NGFP African Futures


This is a futuristic insight of what Africa can become if we take control of our digital space and good data governance becomes the centre of innovation.
Rahma Ben Lazreg

The Future of Africa

Greetings and welcome to my futuristic insight of Mama Africa. I will start with defining the frame, terms and fundamental aspects of what I called Futurica : The future of Africa. The Idea emerged mainly from the term Afrofuturism, yet I decided to name it differently so it reflects my personal vision of the future.

Since the initial emergence of this idea was inspired by Afrofuturism I will go ahead and define the term. For some of you, it may sound familiar and for others, they might seek a definition inspired by movies and stories that have been told around this, such as Black Panther.

Afrofuturism is the reimagining of a future filled with arts, science and technology, seen through a black lens. The term was conceived a quarter of a century ago by author Mark Dery, which examines speculative fiction within the African diaspora. Yet, Afrofuturism is not just that, it also requires a deep understanding of the African past and culture. 

Now, to define the frame, I would invite you to travel with me to 2050 and sit next to me on a bench right under a transparent electro bubble. That transparent bubble is connected to high technology, and it has screens and data whenever you need them to appear. It separates us from the external world, yet allows us to still admire how it looks. I have booked this electro bubble just for our meeting so I can brief you on what happened after you had travelled to space in 2021.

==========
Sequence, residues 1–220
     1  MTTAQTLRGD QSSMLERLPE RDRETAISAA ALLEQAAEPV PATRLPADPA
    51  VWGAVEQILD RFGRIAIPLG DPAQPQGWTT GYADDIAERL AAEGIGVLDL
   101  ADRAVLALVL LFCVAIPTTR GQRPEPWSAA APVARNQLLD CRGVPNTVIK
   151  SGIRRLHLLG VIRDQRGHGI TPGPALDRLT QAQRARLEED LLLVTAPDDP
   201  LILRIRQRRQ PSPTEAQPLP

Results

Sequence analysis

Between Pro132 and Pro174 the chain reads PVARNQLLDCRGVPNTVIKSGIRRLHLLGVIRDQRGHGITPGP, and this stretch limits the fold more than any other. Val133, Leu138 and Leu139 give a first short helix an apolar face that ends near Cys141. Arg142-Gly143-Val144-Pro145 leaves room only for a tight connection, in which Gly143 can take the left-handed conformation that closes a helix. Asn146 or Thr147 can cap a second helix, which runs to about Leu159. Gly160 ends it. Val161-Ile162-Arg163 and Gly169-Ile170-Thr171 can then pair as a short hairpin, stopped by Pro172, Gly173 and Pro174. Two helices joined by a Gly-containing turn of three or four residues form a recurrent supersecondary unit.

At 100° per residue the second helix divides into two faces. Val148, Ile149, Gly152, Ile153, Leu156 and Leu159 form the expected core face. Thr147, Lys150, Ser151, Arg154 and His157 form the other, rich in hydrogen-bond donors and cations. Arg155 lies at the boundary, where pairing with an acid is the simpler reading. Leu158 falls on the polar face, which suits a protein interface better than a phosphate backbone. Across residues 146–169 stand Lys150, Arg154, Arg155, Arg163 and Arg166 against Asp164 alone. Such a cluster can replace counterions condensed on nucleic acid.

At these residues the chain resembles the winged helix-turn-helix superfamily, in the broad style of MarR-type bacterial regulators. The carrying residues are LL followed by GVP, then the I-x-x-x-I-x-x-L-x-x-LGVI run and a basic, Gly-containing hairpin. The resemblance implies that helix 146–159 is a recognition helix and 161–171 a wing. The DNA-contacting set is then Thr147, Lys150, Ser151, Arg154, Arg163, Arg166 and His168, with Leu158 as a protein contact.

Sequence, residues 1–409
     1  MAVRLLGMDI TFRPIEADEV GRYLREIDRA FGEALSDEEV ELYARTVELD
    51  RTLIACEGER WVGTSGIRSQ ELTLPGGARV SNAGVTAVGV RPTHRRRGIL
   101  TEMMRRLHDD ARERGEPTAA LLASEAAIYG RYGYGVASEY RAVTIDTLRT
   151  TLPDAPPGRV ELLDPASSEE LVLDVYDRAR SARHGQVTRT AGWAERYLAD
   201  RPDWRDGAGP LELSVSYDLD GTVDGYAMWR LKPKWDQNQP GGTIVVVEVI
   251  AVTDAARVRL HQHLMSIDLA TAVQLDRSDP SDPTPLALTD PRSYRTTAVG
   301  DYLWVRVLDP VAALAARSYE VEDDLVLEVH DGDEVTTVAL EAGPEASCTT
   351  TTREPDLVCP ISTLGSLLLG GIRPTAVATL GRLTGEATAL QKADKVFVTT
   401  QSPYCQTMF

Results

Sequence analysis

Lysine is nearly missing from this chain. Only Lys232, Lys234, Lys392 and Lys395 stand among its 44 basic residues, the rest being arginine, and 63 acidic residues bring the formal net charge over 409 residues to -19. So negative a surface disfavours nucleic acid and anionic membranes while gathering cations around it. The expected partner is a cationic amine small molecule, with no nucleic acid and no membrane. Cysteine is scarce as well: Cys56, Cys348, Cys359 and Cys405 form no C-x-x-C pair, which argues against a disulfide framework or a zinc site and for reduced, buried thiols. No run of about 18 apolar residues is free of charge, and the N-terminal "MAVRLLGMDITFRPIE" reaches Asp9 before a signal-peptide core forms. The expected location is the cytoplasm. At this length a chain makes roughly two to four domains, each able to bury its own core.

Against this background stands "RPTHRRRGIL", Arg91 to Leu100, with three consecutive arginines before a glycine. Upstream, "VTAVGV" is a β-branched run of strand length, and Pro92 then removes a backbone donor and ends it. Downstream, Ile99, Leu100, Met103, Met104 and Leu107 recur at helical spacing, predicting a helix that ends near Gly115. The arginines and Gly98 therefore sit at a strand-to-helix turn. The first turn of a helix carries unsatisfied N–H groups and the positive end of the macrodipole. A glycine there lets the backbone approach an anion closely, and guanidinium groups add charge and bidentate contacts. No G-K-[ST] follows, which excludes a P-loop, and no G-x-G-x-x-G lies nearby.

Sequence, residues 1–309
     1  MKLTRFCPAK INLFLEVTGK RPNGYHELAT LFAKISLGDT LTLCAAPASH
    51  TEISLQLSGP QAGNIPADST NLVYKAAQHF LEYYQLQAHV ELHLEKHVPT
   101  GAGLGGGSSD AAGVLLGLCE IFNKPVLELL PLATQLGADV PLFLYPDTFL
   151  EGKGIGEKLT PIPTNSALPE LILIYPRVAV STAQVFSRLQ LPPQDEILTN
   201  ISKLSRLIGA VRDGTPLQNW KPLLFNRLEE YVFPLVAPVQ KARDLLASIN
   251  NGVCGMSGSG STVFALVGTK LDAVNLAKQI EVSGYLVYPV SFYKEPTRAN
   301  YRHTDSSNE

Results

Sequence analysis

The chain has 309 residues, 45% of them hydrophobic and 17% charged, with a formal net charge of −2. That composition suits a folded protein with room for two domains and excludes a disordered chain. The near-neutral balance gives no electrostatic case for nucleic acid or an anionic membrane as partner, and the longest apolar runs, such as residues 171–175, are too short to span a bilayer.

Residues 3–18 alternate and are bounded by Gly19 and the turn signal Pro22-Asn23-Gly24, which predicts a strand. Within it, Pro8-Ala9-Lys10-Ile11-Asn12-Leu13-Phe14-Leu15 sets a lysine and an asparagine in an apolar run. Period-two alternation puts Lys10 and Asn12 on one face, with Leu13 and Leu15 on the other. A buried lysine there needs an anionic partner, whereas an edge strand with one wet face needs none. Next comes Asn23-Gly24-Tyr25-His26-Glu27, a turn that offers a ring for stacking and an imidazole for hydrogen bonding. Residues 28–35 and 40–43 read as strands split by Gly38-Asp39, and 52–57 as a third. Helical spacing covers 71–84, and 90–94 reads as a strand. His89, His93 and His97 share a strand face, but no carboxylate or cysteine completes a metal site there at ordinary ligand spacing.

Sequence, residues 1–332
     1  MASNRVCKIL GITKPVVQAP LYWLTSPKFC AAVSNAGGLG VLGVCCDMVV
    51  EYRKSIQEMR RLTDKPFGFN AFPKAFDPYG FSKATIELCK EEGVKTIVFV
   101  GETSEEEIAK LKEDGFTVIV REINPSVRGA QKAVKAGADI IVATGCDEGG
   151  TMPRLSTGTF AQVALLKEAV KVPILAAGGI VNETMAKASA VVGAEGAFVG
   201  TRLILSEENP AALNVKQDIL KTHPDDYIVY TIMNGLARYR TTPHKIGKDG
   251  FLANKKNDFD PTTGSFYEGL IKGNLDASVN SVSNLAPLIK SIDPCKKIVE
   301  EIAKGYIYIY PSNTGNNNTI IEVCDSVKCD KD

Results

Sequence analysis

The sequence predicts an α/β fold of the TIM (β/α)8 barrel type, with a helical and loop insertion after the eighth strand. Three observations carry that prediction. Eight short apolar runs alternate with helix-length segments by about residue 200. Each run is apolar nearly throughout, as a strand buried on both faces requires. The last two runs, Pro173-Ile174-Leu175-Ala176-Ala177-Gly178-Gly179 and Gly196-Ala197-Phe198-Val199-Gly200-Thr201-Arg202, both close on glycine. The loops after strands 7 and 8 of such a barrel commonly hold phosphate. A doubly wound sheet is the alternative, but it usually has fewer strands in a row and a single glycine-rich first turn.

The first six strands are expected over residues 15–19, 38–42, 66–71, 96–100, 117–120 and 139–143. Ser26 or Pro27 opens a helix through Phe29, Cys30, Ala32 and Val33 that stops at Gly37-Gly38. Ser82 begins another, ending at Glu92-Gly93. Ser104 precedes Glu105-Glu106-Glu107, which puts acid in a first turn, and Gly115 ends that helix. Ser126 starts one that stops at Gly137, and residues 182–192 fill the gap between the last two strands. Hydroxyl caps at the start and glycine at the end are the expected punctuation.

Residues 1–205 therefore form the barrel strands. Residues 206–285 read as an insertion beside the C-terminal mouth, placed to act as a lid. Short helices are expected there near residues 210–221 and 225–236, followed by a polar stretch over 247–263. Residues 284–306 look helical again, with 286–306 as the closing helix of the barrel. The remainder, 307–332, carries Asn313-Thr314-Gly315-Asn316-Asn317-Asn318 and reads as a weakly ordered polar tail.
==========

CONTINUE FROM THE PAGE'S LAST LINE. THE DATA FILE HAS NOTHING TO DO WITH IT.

The first thing you have to know is that everything became digital, from administration work, education, financial systems to every sort of work. Operations were conducted remotely or through robots. The entire world is turning into a digital sphere full of Data and information. Africa, like other continents, took a huge part in this movement and it became now more connected than ever. Money is no longer used. We all use special applications and e-currencies for transactions. 

Brain drain was no longer permitted since you can have everything at home right in front of your smart screen. Knowledge was hence easy to access. The entire world took part in the research and development that happened in the pre-phase of total digitalization.

This change has its cons and pros. Africa succeeded in subtracting the pros. It pleases me to say that thanks to digitalization; we are saving the planet. How? Well now, we use little paper, the global consumption of paper is down by 70%! Cutting down trees became partially illegal since we don’t actually need to. People didn’t get outside of their homes for long periods, and that helped in reducing the consumption of fuel. 

African leaders worked to use renewable energies in a more sustainable manner. Services and products were only consumed rationally, and unnecessary needs got abolished.